filled with thoughts of the gallant little expedition and its resourceful leader, who were making history in this remote corner of the Empire. Had he known it, the spot on which he stood was already historic ground. Here de Noyon, the first white man to traverse these waters, had landed in 1688; and within a stone's-throw from where he stood La Jemeraye, the nephew of La Verendrye, had built Fort St. Pierre in 1731, to mark the first stage in the romantic search for the Western Sea.
Butler stood for some time gazing eagerly out over the waters of the lake. At last he caught the glint of some-thing moving. Rapidly it drew nearer, and resolved itself into a large North-West canoe, sweeping along to the swing of eight paddles, "its Iroquois paddlers timing their strokes to an old French chant as they shot down towards the river's source." Other canoes and boats came into view, and out to the horizon presently stretched a continuous line, bearing the first brigades of the Expeditionary Force. Butler pushed off into the stream, and paddled out to meet the leading canoe. In the centre sat a familiar figure in uniform. Here, at last, was Wolseley. "Where on earth have you dropped from?" cheerily cried the leader. "Fort Garry, twelve days out, sir," replied Butler.'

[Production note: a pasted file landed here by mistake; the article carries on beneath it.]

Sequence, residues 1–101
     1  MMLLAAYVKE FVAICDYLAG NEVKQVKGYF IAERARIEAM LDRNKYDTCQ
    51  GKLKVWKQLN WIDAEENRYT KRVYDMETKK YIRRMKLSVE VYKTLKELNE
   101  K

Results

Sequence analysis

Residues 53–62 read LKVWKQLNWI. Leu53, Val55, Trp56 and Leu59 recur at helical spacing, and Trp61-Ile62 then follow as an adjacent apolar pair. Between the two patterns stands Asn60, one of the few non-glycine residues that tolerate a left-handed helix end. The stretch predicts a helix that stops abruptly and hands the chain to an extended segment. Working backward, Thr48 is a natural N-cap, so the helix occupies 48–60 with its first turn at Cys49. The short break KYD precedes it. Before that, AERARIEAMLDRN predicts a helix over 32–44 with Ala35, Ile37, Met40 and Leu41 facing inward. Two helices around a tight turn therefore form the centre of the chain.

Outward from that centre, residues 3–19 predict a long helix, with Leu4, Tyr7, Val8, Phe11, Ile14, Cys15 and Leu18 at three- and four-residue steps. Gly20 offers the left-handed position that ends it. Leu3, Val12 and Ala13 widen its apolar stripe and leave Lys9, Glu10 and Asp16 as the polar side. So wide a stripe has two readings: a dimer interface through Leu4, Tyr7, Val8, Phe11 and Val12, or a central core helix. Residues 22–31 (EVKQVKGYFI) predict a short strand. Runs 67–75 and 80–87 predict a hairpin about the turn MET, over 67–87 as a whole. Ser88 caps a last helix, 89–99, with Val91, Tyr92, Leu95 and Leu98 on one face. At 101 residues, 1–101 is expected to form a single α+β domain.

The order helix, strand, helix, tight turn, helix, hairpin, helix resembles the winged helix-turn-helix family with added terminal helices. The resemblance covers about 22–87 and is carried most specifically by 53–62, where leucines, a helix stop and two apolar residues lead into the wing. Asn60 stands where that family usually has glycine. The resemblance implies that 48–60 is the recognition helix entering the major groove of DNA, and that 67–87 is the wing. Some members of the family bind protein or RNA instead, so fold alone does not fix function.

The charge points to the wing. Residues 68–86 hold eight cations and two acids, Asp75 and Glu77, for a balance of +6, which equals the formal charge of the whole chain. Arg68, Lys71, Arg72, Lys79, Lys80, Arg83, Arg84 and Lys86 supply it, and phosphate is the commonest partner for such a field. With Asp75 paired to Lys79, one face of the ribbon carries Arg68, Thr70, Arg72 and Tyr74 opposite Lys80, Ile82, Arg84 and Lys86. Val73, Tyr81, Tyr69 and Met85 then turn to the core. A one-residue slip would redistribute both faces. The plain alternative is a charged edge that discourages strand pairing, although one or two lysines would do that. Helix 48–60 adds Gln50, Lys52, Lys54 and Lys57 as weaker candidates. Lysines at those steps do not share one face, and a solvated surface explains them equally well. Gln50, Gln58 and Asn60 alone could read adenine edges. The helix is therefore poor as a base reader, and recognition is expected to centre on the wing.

One can imagine the feelings of Wolseley and his men, as, after long weeks of heart-breaking struggle through a barren and inhospitable region, inhabited chiefly by mosquitoes and black flies, they found themselves transferred as if by magic into an earthly paradise. Even to-day, despite the efforts of man to mar its beauty, Rainy river is one of the most lovely waterways in Canada; and we can form some idea from the enthusiastic accounts of explorers and fur-traders how altogether captivating it must have been in a state of nature. But perhaps to the officers who shared with Wolseley the hospitality of Mc-Kenzie, the Hudson's Bay Company's agent at Fort Frances, even more appealing than scenery was the sight
Butler, W. F.: The Great Lone Land.